Brexit has forced UK businesses to prepare their supply chains for a drastic change. It encouraged people to make their supply chains more resilient through planning. Risks that would impact businesses were considered and solutions were found before the UK left the EU, minimising the potential for disruption. This goes to show that getting ahead of the game is crucial. Manufacturers that had assessed the risks impacting their supply chain and planned for external shocks would have found it much easier to battle lockdown measures than those who hadn’t planned for disruption in the global supply chain. Once you gain complete visibility and understand how your supply chain works, you can identify where a problem might occur and plan a solution that ensures you are not impacted.
- Diversification and Localisation
Naturally, the first thing that comes to mind for many when thinking about strengthening supply chains, is reshoring. However, when a selection of manufacturers came together at the Backing Britain event last August, many mentioned that whilst they have the desire to reshore – it is not a practical strategy that they could commit to. As a solution to this, the idea of ‘nearshoring’ was discussed, where nearby suppliers are used, sitting in the middle of offshoring and reshoring.
Diversifying your supply base will ensure that there is always a back-up supplier for when things go wrong. Utilising multiple suppliers in multiple locations will help to build supply chain resilience. By combining local suppliers with existing global supply chains you can ensure you don’t end up with a shortage of critical components and prevent your operations coming to a halt.
Build strong relationships with your suppliers just as you would with your customers. Opening lines of communication between everyone involved in your supply chain network will allow for suppliers, and partners to share data and information directly to enable decisions to be made based on coherent data. How can you work together to reduce lead-times? Is the information you’re sharing accurate, valuable and relevant?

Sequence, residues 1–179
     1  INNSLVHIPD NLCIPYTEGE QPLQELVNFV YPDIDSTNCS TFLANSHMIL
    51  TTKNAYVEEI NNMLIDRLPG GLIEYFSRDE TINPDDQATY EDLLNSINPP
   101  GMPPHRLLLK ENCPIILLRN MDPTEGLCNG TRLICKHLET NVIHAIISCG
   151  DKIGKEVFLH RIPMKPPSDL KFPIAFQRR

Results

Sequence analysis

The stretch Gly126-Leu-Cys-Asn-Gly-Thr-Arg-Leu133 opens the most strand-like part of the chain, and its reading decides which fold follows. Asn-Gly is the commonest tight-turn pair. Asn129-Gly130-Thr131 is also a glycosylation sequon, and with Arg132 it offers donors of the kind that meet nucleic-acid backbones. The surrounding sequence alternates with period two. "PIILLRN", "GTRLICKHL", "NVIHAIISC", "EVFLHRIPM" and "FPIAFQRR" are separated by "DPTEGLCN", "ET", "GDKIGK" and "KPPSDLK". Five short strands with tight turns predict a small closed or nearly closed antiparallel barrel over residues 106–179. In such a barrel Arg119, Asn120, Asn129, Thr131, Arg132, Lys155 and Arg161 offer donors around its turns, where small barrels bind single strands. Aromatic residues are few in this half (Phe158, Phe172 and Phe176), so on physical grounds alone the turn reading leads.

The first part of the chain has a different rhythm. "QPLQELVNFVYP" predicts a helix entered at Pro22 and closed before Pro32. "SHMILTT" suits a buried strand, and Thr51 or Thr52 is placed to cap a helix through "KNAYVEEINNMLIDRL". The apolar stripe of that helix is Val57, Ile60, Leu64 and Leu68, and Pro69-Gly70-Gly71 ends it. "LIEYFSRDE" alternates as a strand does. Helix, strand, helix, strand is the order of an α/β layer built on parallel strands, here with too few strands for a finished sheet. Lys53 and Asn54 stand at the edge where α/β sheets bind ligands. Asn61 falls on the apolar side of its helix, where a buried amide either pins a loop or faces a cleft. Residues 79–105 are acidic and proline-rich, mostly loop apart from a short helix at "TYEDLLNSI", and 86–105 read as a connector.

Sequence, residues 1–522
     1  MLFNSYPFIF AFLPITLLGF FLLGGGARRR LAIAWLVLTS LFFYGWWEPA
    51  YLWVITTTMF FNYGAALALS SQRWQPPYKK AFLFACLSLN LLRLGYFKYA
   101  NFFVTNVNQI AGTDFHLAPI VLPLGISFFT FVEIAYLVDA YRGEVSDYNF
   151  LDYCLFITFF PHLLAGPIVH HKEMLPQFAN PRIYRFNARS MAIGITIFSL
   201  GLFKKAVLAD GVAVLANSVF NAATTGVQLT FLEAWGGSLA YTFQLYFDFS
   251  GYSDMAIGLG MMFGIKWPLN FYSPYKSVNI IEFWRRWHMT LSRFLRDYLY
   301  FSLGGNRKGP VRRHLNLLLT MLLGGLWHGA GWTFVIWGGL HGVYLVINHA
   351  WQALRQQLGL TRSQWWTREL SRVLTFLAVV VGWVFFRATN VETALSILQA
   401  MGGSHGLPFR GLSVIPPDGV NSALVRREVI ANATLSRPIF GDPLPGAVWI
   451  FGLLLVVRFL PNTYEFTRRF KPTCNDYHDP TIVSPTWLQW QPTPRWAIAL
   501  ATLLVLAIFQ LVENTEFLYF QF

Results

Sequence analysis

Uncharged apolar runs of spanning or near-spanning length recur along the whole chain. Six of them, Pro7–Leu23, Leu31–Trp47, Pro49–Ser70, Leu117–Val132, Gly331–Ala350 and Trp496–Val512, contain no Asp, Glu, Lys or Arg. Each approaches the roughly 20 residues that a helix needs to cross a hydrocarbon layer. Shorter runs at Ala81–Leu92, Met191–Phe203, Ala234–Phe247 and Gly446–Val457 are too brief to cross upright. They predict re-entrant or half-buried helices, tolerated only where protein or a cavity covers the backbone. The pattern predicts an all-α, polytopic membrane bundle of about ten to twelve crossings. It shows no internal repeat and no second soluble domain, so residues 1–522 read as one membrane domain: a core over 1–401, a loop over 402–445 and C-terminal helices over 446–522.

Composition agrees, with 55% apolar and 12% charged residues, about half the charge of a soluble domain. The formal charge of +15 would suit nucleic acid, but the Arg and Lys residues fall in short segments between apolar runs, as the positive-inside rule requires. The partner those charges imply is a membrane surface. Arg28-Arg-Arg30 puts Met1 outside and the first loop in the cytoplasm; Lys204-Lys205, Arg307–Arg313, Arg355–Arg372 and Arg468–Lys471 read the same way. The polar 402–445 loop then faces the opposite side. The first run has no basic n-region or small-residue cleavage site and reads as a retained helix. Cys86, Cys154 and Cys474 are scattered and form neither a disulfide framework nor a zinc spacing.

- Going Digital
Data is critical for establishing the foundations of a resilient supply chain and technology is crucial to gathering accurate data. Digital supply chains can help you improve your supplier selection, manage relationships and provide real-time analysis that will increase agility and predict future shocks. Once digitised, it becomes much easier to connect and coordinate resources to dynamically schedule to order. Not only will this connectivity benefit internal systems but it’ll also enable better collaboration between OEMs and SME manufacturers to fill the gaps and manage out processes.
What does a digital supply chain look like?
Let’s take a look at JCB who recently won a £26 million order from Ardent Hire Solutions, and consider how a digital supply chain could work for them. For JCB to coordinate all the parts needed to create their 525 new telehandlers they need to work with their suppliers in a dynamic and effective way. They need to reach out to their many suppliers, to ensure they’re getting the right resources at the right time. The task for JCB to manage all the parts coming in is a very difficult and manual process which can be made much simpler by using connected digital technologies like the TotalControlPro™ Manufacturing Platform.
JCB’s manufacturing suppliers could make use of the Customer Management and Inventory modules to create sales orders determined by their current level of stock and even create a order with their OEM suppliers when their supply is running low, ensuring a continued flow of supply.